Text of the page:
|Notre Dame Archives.
Father Peter Paul Cooney C.S.C. a priest of the Holy Cross order from Notre Dame University in South Bend, Indiana was born in 1832 in County Roscommon, Ireland. Cooney's family immigrated to Monroe, Michigan where he grew to manhood. He attended Notre Dame University and entered the seminary after graduation. In 1859 Father Cooney became an ordained Catholic priest.
Father Cooney was the longest serving Catholic chaplain in the Union Army during the American Civil War, joining the regiment in October 1861 and leaving to return to the University of Notre Dame in September 1865. He had a tough job ahead of him. Many Irishmen rejoiced in having a Catholic chaplain within its ranks. The majority of the "1st Irish" were Democrats and Catholics.
In a letter taken from the Indiana Historical Society, one soldier gives a picture of Cooney:
The flutter of the "Green Flag", or the sweet strains of "Patrick's Day," or "Garryowen," arouses his Irish blood, and for a moment he forgets he is a Priest and thinks himself a soldier. ... He knows human nature thoroughly, looks leniently upon the frailties of mankind, mildly censuring the misconduct of the men, and zealously urging them to a faithful performance of their duty to God and country. To say that he is much respected by the men of the regiment, is saying too little; He is loved by them.
While in camp, Cooney had duties other than being a priest. He was the president of the Temperance movement within the 35th Indiana and also the caretaker of the soldiers' pay. The soldiers would give the priest their pay and, in return, Cooney would personally take it back to Indiana to be distributed among the men's family. In all reports and incidents, it seems that the men trusted Cooney not only with their religious needs, but also the needs of their families.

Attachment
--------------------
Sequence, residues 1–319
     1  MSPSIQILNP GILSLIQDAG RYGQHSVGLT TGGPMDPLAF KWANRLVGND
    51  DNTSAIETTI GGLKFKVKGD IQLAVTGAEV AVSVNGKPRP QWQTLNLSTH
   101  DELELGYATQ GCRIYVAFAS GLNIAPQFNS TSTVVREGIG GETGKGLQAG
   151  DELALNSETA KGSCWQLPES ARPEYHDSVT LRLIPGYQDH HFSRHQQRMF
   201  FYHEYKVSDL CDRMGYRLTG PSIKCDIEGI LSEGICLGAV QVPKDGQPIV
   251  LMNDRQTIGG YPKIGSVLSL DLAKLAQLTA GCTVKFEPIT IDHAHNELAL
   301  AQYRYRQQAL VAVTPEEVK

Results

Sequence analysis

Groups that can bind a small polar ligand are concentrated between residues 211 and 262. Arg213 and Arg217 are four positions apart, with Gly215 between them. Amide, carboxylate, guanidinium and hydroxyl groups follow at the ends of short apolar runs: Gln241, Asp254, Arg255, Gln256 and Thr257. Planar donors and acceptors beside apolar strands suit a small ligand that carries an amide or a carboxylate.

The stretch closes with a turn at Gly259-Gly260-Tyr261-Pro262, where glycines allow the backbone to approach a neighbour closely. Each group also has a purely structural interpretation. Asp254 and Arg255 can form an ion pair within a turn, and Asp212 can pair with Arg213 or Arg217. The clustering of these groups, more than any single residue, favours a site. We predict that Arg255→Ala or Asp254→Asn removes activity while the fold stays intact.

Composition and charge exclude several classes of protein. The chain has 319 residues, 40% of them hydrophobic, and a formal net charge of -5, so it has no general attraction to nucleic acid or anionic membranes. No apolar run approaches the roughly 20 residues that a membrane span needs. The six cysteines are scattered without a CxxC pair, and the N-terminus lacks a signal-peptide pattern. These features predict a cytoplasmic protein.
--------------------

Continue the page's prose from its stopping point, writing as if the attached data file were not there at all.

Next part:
|Boys ... this is a New Year; many of you will never see the sun go down today.|
Cooney was dedicated and resourceful. In a letter written to his brother in Michigan, Cooney relates a story that took place before the battle of Perryville. The priest asked the men to construct him a makeshift confessional out of three stacks of rifles and three blankets. The stacks were placed in the form of a V. The three blankets formed two walls and a roof for the structure. Father Cooney would sit in this structure and give confession to the men.
In another letter written to his brother, Father Cooney described calling the men together for absolution before combat at Stones River:
Boys ... this is a New Year; many of you will never see the sun go down today; I desire to say to you a few words. You are an Irish regiment. Your countrymen have already proved their devotion to the flag of the nation by their courage and stamina on the field of battle. The eyes of the division are on you. Your friends at home expect much from you — you must not disappoint them. Now, then, many of you have not been to your religious duties. All of you make a good act of contrition, sincerely ask God for your forgiveness and I will announce absolution.
|Notre Dame Archives.The main building at the University of Notre Dame in 1865.|
After absolution was given, the men of the 35th Indiana let out a cheer for their chaplain. Cooney was right: Before the sun set on that cold January day, the 35th Indiana left 127 brave men killed, missing or wounded upon the field of battle.
Cooney stayed with this Irish regiment for four years, praying, caring for the wounded and preparing the fallen for their final journey to heaven. In September 1865, he was told to report back to South Bend, Indiana, where he performed religious duties until his death in 1905. Today, one can travel to Notre Dame and see some of the papers as well as Cooney's vestments in the Notre Dame Museum and Archives.